Teach me how to bake a loaf of bread

How to bake a loaf of bread
‘Teach me how’ is a series that encourages the clever clogs wearers of the world to show us less clever types how to do the things we’ve always wanted to do. Darling Bele from Blah Blah Magazine was actually the inspiration behind the whole series. She emailed to tell me that bread wasn’t as hard to bake as I thought. Lightbulb moment there for me… “Teach me!” I demanded. And so she did…

After reading this gorgeous post of Bron’s I felt the need to let her in on a dirty little secret, namely the lazy bread recipe I started making because I couldn’t be bothered to go to the shops for Vegemite toast requirements.
Speaking of Vegemite, my husband and I are having a, ahem, debate about the quantity of Vegemite we put on our children’s toast. Apparently, our children won’t know they’re Australian with this amount of Vegemite…
I’d love to tell you that I’m confusing my children even more by serving Vegemite on traditional French style bread, but it’s not. This bread is way too easy to make for any French baker to associate with. All up, it takes me four minutes of hard labour, the rest of the time I leave it to do its thing.
But why?
 
Ah, the smell of bread straight out of the oven and melted butter on fresh slices. The only problem is I feel like I’m cheating and wronging our ex-flatmate (a French baker) with this recipe, after he was so good to us. You see, he brought home his artisanal bread for our breakfast after slaving through the night to make the perfect loaf. It was a hard time for me…
While chomping on warm bread, we discussed some of the peculiarities of the modern bread industry, namely what factory bakeries put into bread. It can be quite a strange concoction.
Sadly, without our daily bread deliveries we can’t carry on with the fancy baker loaves. They’re exy and I have important antique tea cups to buy. But what are the options? I was going to buy a breadmaker, but I have an allergic reaction to extra kitchen appliances. The answer, of course, was found on Pinterest. This lovely recipe. The little loaf may have lasted one second in this household, but it was a really, really tasty one second.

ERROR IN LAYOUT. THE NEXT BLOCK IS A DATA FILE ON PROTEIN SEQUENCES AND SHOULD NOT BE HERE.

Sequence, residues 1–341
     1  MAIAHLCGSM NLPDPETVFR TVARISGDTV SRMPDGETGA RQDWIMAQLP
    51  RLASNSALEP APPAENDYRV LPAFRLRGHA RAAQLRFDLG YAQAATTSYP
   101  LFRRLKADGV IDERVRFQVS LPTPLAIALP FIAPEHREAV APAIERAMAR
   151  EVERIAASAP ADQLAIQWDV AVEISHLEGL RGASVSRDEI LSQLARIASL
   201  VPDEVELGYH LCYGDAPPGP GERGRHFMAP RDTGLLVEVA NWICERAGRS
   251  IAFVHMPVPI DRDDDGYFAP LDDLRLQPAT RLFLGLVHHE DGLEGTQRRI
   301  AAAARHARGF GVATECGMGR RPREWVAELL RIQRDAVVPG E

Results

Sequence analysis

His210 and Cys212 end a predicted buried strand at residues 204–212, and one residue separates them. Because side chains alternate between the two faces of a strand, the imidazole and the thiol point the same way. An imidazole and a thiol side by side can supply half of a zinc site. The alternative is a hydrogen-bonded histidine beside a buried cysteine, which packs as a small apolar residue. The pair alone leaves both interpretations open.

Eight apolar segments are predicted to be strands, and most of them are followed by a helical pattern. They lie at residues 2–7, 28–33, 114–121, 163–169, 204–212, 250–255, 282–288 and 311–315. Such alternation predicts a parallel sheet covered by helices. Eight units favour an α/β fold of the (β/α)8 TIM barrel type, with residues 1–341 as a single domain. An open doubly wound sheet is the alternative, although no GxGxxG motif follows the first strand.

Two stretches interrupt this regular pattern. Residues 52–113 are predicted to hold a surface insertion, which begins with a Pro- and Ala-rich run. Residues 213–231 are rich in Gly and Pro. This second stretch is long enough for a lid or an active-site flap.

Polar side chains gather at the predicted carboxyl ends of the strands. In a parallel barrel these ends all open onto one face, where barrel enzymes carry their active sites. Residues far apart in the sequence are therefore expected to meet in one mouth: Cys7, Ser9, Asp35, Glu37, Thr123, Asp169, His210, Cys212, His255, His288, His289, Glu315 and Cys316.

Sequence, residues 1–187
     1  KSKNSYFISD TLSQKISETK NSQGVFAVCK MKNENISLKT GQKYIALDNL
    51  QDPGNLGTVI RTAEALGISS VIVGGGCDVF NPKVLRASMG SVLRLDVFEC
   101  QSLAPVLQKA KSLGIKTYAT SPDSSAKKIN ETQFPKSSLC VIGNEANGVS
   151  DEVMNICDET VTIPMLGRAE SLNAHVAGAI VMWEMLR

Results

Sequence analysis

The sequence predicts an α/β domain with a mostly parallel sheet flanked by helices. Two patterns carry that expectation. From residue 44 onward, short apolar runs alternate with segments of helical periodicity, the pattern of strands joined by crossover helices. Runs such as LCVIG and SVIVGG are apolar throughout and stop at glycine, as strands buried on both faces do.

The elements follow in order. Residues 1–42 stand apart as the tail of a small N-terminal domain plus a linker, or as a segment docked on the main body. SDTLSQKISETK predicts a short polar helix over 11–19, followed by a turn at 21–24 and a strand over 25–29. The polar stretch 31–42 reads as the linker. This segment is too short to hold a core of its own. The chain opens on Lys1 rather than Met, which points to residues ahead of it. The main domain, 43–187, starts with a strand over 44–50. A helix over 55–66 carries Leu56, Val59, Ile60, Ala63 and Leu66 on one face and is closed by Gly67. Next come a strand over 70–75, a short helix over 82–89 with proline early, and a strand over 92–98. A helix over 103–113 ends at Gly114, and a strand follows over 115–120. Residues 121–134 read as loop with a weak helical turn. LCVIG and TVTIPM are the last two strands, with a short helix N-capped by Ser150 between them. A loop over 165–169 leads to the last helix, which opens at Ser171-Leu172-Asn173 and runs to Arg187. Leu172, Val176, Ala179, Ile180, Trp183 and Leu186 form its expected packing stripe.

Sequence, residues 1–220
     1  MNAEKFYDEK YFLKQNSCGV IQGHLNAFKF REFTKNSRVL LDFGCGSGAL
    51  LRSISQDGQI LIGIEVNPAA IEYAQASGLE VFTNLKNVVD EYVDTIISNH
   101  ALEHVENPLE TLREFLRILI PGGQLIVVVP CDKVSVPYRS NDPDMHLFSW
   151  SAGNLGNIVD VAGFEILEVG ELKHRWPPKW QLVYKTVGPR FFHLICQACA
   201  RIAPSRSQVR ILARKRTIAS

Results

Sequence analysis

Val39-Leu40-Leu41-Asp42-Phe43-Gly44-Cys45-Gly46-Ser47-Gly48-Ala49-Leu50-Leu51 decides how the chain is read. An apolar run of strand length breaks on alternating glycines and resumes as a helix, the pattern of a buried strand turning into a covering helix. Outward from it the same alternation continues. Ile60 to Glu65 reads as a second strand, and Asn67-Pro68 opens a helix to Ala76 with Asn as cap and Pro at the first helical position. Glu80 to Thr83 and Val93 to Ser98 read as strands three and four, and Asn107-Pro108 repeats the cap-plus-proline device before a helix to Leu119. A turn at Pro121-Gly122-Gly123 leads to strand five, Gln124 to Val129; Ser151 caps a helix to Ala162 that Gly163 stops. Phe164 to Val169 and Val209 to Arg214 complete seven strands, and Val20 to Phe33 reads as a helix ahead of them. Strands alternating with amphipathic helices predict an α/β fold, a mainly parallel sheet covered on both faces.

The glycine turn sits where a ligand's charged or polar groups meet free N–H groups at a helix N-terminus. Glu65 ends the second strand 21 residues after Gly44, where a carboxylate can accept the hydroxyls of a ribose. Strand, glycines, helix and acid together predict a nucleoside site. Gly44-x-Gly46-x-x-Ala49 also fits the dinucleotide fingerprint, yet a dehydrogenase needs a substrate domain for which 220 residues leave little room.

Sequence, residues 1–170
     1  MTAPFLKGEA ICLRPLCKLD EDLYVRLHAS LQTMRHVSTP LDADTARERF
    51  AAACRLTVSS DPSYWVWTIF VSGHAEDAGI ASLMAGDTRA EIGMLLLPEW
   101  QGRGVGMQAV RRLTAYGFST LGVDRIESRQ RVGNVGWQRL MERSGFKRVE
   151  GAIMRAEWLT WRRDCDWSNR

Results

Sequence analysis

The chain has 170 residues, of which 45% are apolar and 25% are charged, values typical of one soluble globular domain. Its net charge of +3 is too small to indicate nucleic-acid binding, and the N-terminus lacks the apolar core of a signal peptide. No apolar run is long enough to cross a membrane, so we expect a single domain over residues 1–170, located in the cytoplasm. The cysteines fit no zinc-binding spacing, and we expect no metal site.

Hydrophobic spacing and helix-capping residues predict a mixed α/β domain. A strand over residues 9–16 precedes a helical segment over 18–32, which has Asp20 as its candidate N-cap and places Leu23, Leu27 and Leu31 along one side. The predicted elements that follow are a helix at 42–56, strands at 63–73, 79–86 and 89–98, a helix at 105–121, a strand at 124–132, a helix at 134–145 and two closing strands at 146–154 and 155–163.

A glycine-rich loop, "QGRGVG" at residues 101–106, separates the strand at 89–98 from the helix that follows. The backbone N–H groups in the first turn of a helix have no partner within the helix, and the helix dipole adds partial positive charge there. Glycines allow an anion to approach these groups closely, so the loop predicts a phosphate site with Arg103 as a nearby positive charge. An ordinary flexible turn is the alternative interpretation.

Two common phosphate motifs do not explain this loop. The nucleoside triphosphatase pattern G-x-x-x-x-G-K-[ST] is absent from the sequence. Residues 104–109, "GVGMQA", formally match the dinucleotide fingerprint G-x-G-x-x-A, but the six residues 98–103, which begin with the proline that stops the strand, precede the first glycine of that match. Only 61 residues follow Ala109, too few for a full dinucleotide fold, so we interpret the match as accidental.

If you get right into this, you’ll find most supermarkets sell 5 kilo bags of multi-grain bread flour. It’s usually hidden on a bottom shelf in the baking section. It ends up about $1.50 a loaf. We’ve gone completely gung-ho and have ordered 25 kilo bags delivered from the supplier.
Maybe one day, I’ll have a go at making sourdough yeast, but I worry if I mess with the system I won’t get around to doing it all.

 

Homemade bread that looks like you’ve gone to a lot of effort

 
Ingredients 
6 cups multi-grain plain flour (or throw your favourite seeds into wholemeal or white flour)
2 teaspoons salt
4 teaspoons dried yeast
3 cups warm water
Spoon or whisk
Bowl or mixer
Baking paper
Tongs
Oven-friendly pot with lid, preferably cast iron

Method,  not madness

1. To minimise mess, put bowl in the sink before pouring in the ingredients. Mix the ingredients together until really well combined. I’m so lazy I usually do this in my mixer, but, dear reader, I wanted to show you that you don’t even need one.
2. Cover with a tea towel or cling film.
3. Leave to puff up for 3-12 hours (if leaving for longer than 4 hours cover with cling film to stop it drying out).
4. Preheat oven to 230°C with pot and lid inside for 30 minutes, when ready take pot out and proceed with extreme caution and serious oven mitts. Drop a square of baking paper into the bottom of the pot and push into place with tongs (wetting and scrunching the baking paper first can make this easier).
6. Pour dough mix into pot. If you want to get fancy, you can cut a cross into the top with a knife.
7. Bake in oven with lid on for 30 minutes.
8. Take lid off and bake for 15 minutes more.
9. Take bread out of pot to cool.

Add this recipe to your Yummly feed: Yum

So, I need to know how much Vegemite folks are putting on their bread? Is there a national standard for Vegemite application that I’ve missed all these years?
And are you already a bread baker? How do you do it? Should I be brave and get my sourdough on?

Click for more good food kids like to eat

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